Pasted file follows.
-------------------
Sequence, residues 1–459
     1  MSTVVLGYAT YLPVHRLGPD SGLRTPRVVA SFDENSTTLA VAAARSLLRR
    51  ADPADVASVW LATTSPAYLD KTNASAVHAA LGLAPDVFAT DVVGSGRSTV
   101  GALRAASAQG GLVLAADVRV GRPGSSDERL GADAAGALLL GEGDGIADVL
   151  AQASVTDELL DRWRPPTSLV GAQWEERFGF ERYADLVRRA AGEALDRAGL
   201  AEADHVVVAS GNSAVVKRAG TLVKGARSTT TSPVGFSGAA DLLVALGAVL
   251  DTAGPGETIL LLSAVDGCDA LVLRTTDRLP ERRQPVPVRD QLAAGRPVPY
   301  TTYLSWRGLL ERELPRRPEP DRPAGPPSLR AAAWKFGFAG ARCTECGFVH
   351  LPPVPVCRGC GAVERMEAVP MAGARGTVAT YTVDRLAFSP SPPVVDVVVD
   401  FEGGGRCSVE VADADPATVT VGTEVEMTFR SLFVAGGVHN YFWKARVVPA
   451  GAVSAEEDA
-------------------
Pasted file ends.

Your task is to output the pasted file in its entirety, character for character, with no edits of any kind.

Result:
Sequence, residues 1–459
     1  MSTVVLGYAT YLPVHRLGPD SGLRTPRVVA SFDENSTTLA VAAARSLLRR
    51  ADPADVASVW LATTSPAYLD KTNASAVHAA LGLAPDVFAT DVVGSGRSTV
   101  GALRAASAQG GLVLAADVRV GRPGSSDERL GADAAGALLL GEGDGIADVL
   151  AQASVTDELL DRWRPPTSLV GAQWEERFGF ERYADLVRRA AGEALDRAGL
   201  AEADHVVVAS GNSAVVKRAG TLVKGARSTT TSPVGFSGAA DLLVALGAVL
   251  DTAGPGETIL LLSAVDGCDA LVLRTTDRLP ERRQPVPVRD QLAAGRPVPY
   301  TTYLSWRGLL ERELPRRPEP DRPAGPPSLR AAAWKFGFAG ARCTECGFVH
   351  LPPVPVCRGC GAVERMEAVP MAGARGTVAT YTVDRLAFSP SPPVVDVVVD
   401  FEGGGRCSVE VADADPATVT VGTEVEMTFR SLFVAGGVHN YFWKARVVPA
   451  GAVSAEEDA